unforeseen freedoms.) At the level of molecular life there is an
element of freedom, if not free will. Even if we knew all the
present elements we could never determine the outcome, for it
is the interaction of elements that continually opens new becom-
ings. The formation of ‘collectives’ in A Thousand Plateaus now
refers not just to social and human assemblages but to pre-
personal processes. So by beginning with non-signifying codes
Deleuze and Guattari enable a method that can approach life
non-interpretively.

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We do not posit some sense or law behind the codes which


would be their truth or order. We begin with forces rather than
substances. This fulfils the requirements of immanence; we begin
not with an originating, fixed or privileged term (or terms) but
with the dynamic forces within which we are located. Analysis
looks at how these forces produce terms. We do not begin with
a moral image of man or human freedom; we rely on the exam-
ination of syntheses, interactions and the openness of life to a not
already-given future. We begin, therefore, with perception: not
a subject who perceives, nor an object perceived, but an inter-
action or event of perception which then creates a relation,
territory or machine of two responding terms.
Second, as well as being important for method, the insistence
on a purely immanent becoming—that is, a plane of perception
not enclosed within the mind of man—is accompanied by an
explanation of the emergence of the human mode of desire from
the ‘prebiotic soup’ (Deleuze & Guattari 1987, p. 49). All life is a
plane of interacting codes—genes that read or decode other genes
or environments—but there are also stratifications. The connec-
tion of two codes can form a ‘higher’ and ‘lower’ element; the
eye that reads the animal’s tracks creates a distinction between
perceiver and perceived, code and what is decoded. Indeed,
A Thousand Plateaus delineates three modes of ‘stratification’. The
first is at the level of chemical life, the second at the level of organ-
isms (Deleuze & Guattari 1987), while it is the third stratification
of language and overcoding that constitutes the human. The
earlier strata were ‘homoplastic’—one code interacts with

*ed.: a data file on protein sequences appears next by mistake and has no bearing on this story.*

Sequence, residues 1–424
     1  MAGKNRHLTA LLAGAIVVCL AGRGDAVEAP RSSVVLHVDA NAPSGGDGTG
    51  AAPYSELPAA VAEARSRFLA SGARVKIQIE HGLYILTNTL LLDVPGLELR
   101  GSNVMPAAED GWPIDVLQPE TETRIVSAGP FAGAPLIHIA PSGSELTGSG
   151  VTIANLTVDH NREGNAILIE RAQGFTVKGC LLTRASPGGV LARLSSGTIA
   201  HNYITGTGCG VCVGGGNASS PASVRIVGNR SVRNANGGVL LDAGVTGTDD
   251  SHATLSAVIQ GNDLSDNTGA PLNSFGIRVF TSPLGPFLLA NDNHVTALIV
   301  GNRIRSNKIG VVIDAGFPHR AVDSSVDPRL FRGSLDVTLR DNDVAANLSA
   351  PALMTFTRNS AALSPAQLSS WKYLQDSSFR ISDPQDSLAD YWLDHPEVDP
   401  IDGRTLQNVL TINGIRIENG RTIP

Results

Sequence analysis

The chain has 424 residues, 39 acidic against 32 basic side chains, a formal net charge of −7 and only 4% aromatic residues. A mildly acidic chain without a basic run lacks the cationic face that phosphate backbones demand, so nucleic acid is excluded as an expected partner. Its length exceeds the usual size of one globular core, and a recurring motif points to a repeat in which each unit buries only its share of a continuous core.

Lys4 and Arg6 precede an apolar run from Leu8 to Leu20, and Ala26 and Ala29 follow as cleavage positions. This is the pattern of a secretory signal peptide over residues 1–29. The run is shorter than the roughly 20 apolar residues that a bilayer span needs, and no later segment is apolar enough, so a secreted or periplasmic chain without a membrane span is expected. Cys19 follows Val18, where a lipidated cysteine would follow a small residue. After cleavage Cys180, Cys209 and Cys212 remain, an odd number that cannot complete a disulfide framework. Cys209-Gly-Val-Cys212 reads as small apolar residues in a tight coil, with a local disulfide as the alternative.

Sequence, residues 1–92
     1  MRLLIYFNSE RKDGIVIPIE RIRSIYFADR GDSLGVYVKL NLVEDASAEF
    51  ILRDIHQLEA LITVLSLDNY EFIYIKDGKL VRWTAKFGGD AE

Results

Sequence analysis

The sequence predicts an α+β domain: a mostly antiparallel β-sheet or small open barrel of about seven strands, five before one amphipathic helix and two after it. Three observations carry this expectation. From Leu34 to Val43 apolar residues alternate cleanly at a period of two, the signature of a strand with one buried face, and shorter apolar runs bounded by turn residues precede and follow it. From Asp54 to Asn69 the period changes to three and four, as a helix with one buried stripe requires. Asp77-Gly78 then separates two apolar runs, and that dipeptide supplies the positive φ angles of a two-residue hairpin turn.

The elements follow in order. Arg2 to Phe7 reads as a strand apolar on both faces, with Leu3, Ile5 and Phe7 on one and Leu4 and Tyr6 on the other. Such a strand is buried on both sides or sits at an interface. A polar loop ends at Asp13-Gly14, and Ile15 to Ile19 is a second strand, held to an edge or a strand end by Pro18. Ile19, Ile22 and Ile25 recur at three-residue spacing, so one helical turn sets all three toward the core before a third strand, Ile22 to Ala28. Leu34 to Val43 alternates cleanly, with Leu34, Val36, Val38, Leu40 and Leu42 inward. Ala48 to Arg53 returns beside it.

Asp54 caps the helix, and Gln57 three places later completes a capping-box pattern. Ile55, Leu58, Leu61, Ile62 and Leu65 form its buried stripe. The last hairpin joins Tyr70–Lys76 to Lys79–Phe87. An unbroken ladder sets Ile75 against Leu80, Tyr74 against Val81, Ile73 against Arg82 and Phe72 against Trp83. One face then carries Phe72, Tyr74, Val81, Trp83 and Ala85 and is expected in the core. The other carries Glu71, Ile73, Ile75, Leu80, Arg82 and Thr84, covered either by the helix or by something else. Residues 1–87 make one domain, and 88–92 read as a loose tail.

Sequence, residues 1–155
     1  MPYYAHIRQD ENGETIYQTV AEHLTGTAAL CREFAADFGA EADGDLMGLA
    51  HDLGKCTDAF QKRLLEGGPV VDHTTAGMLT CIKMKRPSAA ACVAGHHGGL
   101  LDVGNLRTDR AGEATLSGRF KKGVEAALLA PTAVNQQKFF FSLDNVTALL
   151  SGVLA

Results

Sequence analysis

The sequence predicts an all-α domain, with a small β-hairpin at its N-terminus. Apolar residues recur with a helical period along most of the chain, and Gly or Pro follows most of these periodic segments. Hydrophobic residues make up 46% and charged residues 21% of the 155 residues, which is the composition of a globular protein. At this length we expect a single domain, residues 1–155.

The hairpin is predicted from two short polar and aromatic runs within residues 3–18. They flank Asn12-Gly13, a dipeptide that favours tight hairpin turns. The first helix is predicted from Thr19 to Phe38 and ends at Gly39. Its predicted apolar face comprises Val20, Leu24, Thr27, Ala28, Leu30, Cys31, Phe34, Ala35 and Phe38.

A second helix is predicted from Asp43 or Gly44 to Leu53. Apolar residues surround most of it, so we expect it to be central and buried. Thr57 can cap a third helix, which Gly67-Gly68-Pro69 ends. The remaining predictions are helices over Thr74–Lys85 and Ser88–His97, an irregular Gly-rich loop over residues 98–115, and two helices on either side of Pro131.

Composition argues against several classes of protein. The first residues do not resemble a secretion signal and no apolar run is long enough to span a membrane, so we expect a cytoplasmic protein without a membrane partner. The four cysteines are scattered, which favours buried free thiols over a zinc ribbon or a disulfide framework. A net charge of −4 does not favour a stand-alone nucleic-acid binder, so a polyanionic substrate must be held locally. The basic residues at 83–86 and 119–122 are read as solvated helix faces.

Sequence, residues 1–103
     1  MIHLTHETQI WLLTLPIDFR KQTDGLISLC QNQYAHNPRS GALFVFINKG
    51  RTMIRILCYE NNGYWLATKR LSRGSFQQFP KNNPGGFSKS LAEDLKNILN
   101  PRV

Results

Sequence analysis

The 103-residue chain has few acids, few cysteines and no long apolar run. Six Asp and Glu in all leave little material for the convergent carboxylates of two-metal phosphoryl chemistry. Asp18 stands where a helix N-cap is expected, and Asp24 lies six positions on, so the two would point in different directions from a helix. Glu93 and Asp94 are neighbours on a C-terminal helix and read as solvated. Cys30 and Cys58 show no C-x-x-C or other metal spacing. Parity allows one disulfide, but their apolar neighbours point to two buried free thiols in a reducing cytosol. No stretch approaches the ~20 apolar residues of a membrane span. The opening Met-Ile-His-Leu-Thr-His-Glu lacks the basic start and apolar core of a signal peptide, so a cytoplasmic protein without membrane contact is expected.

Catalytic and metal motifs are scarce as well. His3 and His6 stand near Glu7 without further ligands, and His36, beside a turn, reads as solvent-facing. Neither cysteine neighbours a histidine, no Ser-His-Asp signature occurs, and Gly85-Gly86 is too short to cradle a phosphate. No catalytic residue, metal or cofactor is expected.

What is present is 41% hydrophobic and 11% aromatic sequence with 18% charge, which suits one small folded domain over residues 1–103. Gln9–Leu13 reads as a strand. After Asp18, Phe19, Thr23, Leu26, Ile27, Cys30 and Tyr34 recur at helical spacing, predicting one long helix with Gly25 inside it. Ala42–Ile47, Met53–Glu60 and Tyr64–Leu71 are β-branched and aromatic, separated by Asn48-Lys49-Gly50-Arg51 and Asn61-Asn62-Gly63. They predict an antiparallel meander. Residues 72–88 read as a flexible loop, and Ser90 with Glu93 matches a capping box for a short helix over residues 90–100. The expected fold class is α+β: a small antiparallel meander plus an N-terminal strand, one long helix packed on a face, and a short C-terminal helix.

another through a like response (such as the virus that reads and
adapts to the body it invades). But the human code, or language,
creates a distinction between code and coded, between sign and
world, such that language can now be used to translate and refer
to any other code (we can talk about genes, cultures, gestures,
chemical process and evolution in one encompassing code). It is
by taking the codes as signifiers of some meaning that human life
is stratified:

There is a third major grouping of strata, defined less by a


human essence than, once again, by a new distribution of

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content and expression. Form of content becomes ‘alloplastic’


rather than ‘homoplastic’; in other words, it brings about
modifications in the external world. Form of expression
becomes linguistic rather than genetic; in other words, it
operates with symbols that are comprehensible,
transmittable, and modifiable from outside. What some call
properties of human beings—technology and language, tool
and symbol, free hand and supple larynx, ‘gesture and
speech’—are in fact properties of this new distribution
(Deleuze & Guattari 1987, p. 60).

We have passed from molecular perception to human perception.


Perception needs first to be grasped at the molecular level, as the
way in which one series of code connects with another and,
through the process of perception, creates and affirms the
becoming of life: ‘That there are molecular perceptions no less
than molecular reactions can be seen in the economy of the cell
and the property of regulatory agents to “recognize” only one or
two kinds of chemicals in a very diverse exteriority’ (Deleuze &
Guattari 1987, p. 51).
Human perception is a stratification of a ‘cerebral-nervous
milieu’ (Deleuze & Guattari 1987, p. 64). The perceiving eye or
the nervous stimulus does not respond or connect immediately
but allows the brain to introduce a delay: which path? which
action? what should I do? And this brain that installs delay or
slowness is not some human essence of freedom but itself the
outcome of highly complex connections: ‘The brain is a popu-
lation, a set of tribes tending toward two poles’ (Deleuze &
Guattari 1987, p. 64). It is language or the signifier that allows this
biunivocal tendency, or a stratification between the hand that acts
and the eye that perceives, the sense of the world.